Lewis Jacobs, NBC
PROVO — The singing, dancing, entertaining members of BYU’s Vocal Point a cappella group sacrifice for their moments in the sun.
Like the other members of BYU’s 18 performing groups, they must pay their own way.
And it gets harder when an opportunity like performing on a national television show comes along.
McKay Crockett works part-time running a recording studio in Sandy.
“Since the ‘Sing-Off,’ I’ve had to turn down most clients because between school and Vocal Point there is no time to work. While the show did provide our lodging and a small stipend, most of us have been unable to do a lot of work outside of school and Vocal Point for the last little while,” Crockett said.
“The time with Vocal Point is invigorating, thrilling and exhausting,” Keith Evans said. “It’s hard to find time to do normal, real-life things in the midst of all the sound checks, performance, meeting with fans, traveling, arranging, rehearsing. ... Boy, I get tired just making the list.”
The nine vocalists employ a variety of scenarios to keep it together.
Robert Seely washes windows.
Jake Hunsaker and Ben Murphy work part-time at the Missionary Training Center in Provo.
Percussionist (you ought to see the interesting sounds he can make with just his hands and mouth) Tanner Nilsson works at Equinox IT Services as a consultant using his wages to pay for tuition, books, mortgage, insurance, food and utility bills.
He worries about finding enough time for just him and his wife.
Tyler Sterling is lucky enough to have family financial support so he can focus on school.
Evans is a Brigham Young University graduate and still devotes major time to Vocal Point.
One thing that gets the members of the group through, according to Evans, is to make sure they are 100 percent invested and excited about Vocal Point.
“Yes, it’s tough investing a great deal of time in something that doesn’t put money in my pocket, but life is full of enriching, rewarding activities that matter more than a paycheck: family and church responsibilities, community service, etc.,” Evans said. “There’s no such thing as ‘done.’”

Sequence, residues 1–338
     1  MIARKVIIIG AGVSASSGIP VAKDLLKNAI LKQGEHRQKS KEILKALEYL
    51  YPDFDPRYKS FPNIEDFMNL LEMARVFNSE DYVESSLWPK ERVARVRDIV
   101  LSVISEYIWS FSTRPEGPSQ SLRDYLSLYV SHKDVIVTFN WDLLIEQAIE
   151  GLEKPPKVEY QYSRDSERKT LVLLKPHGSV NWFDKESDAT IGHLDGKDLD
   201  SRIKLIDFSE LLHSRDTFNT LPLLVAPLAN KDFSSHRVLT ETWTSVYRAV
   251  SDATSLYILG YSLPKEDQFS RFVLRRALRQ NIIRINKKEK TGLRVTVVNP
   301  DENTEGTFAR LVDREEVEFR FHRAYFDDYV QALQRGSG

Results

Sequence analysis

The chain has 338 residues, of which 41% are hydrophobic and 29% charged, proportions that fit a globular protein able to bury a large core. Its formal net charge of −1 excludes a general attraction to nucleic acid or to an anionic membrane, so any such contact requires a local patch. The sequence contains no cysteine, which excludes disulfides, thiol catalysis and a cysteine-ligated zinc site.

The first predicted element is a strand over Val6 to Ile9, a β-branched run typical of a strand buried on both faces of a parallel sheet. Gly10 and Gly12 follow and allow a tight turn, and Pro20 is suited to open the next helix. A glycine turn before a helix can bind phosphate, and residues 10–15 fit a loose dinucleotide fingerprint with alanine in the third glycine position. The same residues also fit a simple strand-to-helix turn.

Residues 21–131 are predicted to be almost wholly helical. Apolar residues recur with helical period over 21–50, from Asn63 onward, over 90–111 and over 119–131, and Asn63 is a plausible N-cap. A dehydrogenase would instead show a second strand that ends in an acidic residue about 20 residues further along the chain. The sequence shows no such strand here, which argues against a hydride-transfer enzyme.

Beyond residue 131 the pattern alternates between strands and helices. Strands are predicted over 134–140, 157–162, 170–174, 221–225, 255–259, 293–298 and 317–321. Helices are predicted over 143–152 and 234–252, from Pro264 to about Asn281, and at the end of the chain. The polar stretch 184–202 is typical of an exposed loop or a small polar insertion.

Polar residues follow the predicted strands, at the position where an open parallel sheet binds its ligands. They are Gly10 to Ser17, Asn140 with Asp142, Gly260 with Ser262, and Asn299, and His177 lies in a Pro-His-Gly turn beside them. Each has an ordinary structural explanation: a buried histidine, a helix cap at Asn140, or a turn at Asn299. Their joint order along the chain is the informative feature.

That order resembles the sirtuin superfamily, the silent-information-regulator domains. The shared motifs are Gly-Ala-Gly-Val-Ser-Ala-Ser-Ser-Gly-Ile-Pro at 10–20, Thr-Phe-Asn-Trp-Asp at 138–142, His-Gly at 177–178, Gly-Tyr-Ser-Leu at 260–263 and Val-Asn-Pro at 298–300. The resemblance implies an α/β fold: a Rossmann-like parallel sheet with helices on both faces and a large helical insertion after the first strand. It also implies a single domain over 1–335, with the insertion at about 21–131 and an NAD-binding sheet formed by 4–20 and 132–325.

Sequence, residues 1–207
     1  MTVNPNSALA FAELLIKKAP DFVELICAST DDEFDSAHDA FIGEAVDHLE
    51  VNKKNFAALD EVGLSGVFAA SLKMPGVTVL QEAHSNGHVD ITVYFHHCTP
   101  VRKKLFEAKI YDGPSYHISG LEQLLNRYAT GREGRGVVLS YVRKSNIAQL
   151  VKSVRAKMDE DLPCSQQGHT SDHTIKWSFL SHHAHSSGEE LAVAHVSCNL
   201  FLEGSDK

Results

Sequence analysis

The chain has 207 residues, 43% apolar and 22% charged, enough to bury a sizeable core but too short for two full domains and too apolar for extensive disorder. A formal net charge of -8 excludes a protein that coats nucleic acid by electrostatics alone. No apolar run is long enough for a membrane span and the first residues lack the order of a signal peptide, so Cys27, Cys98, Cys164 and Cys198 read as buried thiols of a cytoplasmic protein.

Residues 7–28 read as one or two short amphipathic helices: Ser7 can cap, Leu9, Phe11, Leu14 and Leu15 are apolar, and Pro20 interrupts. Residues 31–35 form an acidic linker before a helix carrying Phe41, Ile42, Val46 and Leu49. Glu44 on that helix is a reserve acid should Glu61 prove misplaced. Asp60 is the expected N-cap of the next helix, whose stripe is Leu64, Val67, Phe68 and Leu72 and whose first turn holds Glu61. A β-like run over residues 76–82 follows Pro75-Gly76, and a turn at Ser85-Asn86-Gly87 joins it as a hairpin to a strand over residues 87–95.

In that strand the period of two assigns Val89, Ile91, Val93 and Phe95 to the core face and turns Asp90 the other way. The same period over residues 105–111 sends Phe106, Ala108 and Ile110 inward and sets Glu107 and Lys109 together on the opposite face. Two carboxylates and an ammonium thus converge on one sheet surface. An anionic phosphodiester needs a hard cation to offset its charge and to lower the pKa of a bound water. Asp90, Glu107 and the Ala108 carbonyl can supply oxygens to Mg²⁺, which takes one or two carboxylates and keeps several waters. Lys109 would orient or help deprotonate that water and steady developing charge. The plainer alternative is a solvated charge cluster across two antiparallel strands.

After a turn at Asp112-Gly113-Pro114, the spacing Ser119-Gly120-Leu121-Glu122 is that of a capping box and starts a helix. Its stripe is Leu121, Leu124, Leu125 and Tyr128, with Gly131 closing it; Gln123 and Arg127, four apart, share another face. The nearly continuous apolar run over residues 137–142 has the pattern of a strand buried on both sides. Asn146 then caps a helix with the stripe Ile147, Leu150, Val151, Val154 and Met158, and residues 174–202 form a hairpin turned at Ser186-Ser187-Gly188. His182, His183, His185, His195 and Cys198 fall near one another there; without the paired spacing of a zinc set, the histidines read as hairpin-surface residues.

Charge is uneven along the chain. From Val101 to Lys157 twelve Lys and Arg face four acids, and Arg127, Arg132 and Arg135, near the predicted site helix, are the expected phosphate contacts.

“Developing talents and sharing them with people, supporting friends and making people smile are all worthwhile and if I keep those things in mind, it never feels like a burden of time or resources,” Crockett added.
This is Crockett’s fourth year in the group and despite the stress it puts on his schedule, he’s enthusiastic about what the group has accomplished.
“Every minute of every hour has been worth it to me,” he said. “Being in Vocal Point has been one of the most rewarding experiences of my entire life. I get to blend my favorite things — music, friends and the gospel (of The Church of Jesus Christ of Latter-day Saints) — and anxiously work toward the goal of helping others feel joy and happiness through uplifting songs.
“Before ‘The Sing-Off,’ we would spend 20-plus hours a week rehearsing, performing and doing all that we need to do to help Vocal Point reach its potential. That all happens while we work, go to school full-time and pursue relationships, careers and church callings. ‘The Sing-Off,’ on the other hand, was a 24-6 (we took Sundays off) project over the course of the past three months.”
Usually, Vocal Point rehearses just once a week, but in January the time demand jumps back up as the group prepares for concerts, firesides and — this year — more national TV appearances.